After the long day we crashed into bed expecting a long, restful sleep. Two things conspired to thwart that. The first was that at 3:30am NZ time the day before, I had switched off the alarm. Unfortunately, I hadn’t cancelled it and the slim travel alarm was in my briefcase, happily bleeping the William Tell Overture at 1:30am. Needless to say, in the dark, I located the briefcase but not the alarm, so I lugged the case to the bathroom and switched on the light – after first accidentally switching on the full room lights! Needless to say, that didn’t go down too well with either of us, but especially Paula.
The second hiccup towards returning to a peaceful sleep was a badly aching right shoulder. No matter what my posture was, I was in a lot of pain. We eventually staggered out of bed about 8:30, not exactly rested, but ,looking forward to boarding which was advised at 1pm to follow the 12 noon rush, but before that, it was a stroll round the harbour to “Plate” restaurant for an excellent breakfast. We had intended stocking up, well I had, with a pack of cider as I expected there would be none available on board. Unfortunately, the Harbourside Centre shops didn’t open until 10am so it was a tube of Deep Heat from the pharmacy then back to shower and pack, check out and taxi to the ship. ($13 if anyone is interested...)
We dumped the three cases, passed the Jazz Band playing some excellent music, filled in an Australian health declaration and immigration departure form and straight to a queue free check in which was extremely quick. We were issued with our swipe cards, a small foldaway map of the ship and a boarding card for “group 4”. With a small food and drink stall in the tent, it was probably aligned to the Princess pricing policies with a can of lemonade or coke at $2.25 a can. No wonder others took on board a case of Coca Cola...
Meanwhile the Ratcliffs (Joanne & Garry) and Tullenors (Ros & Arnold) were travelling by limousine but with a following truck with all their luggage. After they had checked in, a quick impromptu jive in front of the jazz band (Jo & Garry, Paula and myself) and we were called through for boarding. The usual Disney trick. Short queue until you turned the corner to be faced with a long slow zigzag queue for immigration. We were lucky as the following group – 5, were hampered somewhat by the high winds knocking out the communications to the computers and it took them 2 hours to get through.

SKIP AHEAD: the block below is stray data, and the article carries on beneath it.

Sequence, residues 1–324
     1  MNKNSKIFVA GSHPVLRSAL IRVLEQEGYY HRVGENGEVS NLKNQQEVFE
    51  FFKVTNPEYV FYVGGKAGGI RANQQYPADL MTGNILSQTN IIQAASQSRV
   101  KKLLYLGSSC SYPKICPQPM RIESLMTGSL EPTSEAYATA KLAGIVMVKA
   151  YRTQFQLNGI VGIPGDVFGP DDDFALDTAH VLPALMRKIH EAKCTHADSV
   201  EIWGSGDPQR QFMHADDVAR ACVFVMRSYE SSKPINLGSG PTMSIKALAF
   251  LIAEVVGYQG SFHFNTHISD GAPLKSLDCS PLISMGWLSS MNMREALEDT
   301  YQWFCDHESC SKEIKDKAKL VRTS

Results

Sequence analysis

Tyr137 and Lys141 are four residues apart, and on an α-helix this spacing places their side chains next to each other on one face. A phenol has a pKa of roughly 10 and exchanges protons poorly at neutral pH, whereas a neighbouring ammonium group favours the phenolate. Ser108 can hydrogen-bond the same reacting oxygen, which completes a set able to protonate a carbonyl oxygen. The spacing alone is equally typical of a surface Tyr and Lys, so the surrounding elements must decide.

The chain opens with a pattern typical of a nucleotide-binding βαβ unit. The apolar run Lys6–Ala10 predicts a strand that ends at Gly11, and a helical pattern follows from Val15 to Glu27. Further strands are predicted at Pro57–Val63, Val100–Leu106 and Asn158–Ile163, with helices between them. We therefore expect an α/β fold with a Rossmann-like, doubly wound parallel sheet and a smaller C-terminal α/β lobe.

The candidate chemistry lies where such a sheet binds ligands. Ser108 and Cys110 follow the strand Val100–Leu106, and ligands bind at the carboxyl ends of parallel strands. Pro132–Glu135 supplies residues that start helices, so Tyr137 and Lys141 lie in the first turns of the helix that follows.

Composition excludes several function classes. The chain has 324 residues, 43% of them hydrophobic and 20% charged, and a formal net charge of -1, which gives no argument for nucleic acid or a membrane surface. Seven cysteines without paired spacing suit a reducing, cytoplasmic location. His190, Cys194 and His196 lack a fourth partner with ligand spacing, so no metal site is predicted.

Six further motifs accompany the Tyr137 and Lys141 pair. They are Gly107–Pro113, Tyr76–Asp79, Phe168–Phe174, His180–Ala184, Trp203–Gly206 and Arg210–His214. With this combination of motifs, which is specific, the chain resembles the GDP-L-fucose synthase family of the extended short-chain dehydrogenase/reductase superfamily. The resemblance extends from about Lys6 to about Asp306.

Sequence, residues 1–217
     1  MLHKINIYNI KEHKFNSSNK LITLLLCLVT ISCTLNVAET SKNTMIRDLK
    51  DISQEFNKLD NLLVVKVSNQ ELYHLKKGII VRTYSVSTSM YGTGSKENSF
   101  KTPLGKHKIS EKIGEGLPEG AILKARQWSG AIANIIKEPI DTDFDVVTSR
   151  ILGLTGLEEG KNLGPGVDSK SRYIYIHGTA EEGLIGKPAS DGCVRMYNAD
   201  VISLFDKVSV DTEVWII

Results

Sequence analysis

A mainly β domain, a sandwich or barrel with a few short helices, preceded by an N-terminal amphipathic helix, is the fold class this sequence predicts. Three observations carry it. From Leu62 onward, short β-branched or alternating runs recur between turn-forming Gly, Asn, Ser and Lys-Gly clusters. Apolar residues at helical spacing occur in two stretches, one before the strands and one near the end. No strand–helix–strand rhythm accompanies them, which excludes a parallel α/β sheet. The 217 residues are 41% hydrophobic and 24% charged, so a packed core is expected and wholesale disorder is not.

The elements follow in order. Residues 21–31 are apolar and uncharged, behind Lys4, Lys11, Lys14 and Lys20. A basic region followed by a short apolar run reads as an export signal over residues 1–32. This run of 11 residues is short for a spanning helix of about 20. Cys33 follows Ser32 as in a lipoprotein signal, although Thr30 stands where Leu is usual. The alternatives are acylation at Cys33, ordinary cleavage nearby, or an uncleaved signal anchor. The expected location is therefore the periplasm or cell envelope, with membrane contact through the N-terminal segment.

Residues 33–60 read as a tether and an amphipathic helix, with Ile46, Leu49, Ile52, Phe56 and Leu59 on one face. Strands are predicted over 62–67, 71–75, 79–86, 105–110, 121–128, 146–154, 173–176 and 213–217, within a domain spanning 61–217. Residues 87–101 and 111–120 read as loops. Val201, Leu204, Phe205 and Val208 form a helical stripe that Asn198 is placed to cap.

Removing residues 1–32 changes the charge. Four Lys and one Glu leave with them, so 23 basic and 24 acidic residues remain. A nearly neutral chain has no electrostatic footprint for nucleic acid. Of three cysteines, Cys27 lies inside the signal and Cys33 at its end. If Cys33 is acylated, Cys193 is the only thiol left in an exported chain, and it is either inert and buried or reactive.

Up to the cabin – a bit smaller than the NCL ship’s balcony cabins, but something you soon adapt to.
We had arranged to meet the others in the buffet and some made it and some obviously didn’t.
We had heard negative comments about the buffet from some previous bloggers but as far as we were concerned, initial impressions were more than favourable. As an alternative to water, tea coffee etc, there were jugs of real lemonade – not the fizzy stuff and I managed to start the rehydration process. For future cruisers, at this point I decided that purchasing a soft drink concession card wasn’t really anything more than a hard sell, as the soda/soft drinks are the machine generated stuff and the lemonade was excellent.
An essential stage of cruising and we all trooped off to our muster stations on the 3:15 tannoy call – which interrupted our unpacking, as two out of our three cases had arrived. (The same two that were off the aircraft first... this time with a pair of (illegal!) handcuffs safely buried. (See Joanne’s blog...) Sailaway was scheduled for 4pm.
We listened attentively to the safety lecture and tried on our life jackets. Judging by the confusion around, some people would not survive two minutes if the drill was for real!
Then the dreaded announcement. As the temperature dropped and the winds howled and the rain gathered momentum; “Due to blah-blah-blah, we are not now sailing until 6pm – in the dark!
By the time we returned to the cabin to complete the unpacking, the last case had arrived, much to Paula’s relief, as it was 100% her stuff in there. The sailaway at 6pm was wet and miserable but nothing could disguise the excitement from the passengers braving the cold and the rain up on deck.
Note to the Sydney authorities: For future World Cruises, could you please switch on the opera house lights for a few minutes? Passing one of the world’s favourite and most spectacular landmarks in the dark is an instantly forgettable experience.
Then at 7:30pm, we headed for the dining room as a group of 12 and were seated on two tables of six. An excellent meal and for me (those who know me will know very well that the food comments will be a major feature from now on...) the prawn cocktail – an ever present on the menu was nice, the rib of beef and baked potato was excellent and to finish, a very nice plate of cheeses, dried fig, dried apricot, nuts and grapes, was also excellent.
The ship was moving around a little in a 7m swell, but most people seemed OK, though one or two had taken a precautionary pill.
And so to bed. A large comfortable King sized affair and keen to enjoy our first sea day of five, before getting to Darwin. As I write this, I am already two days behind, as believe me, there is so much on offer, that anyone who claims that life on board for so long with so many great people will be boring, should look in the mirror.
Now I have to catch up with adding pics...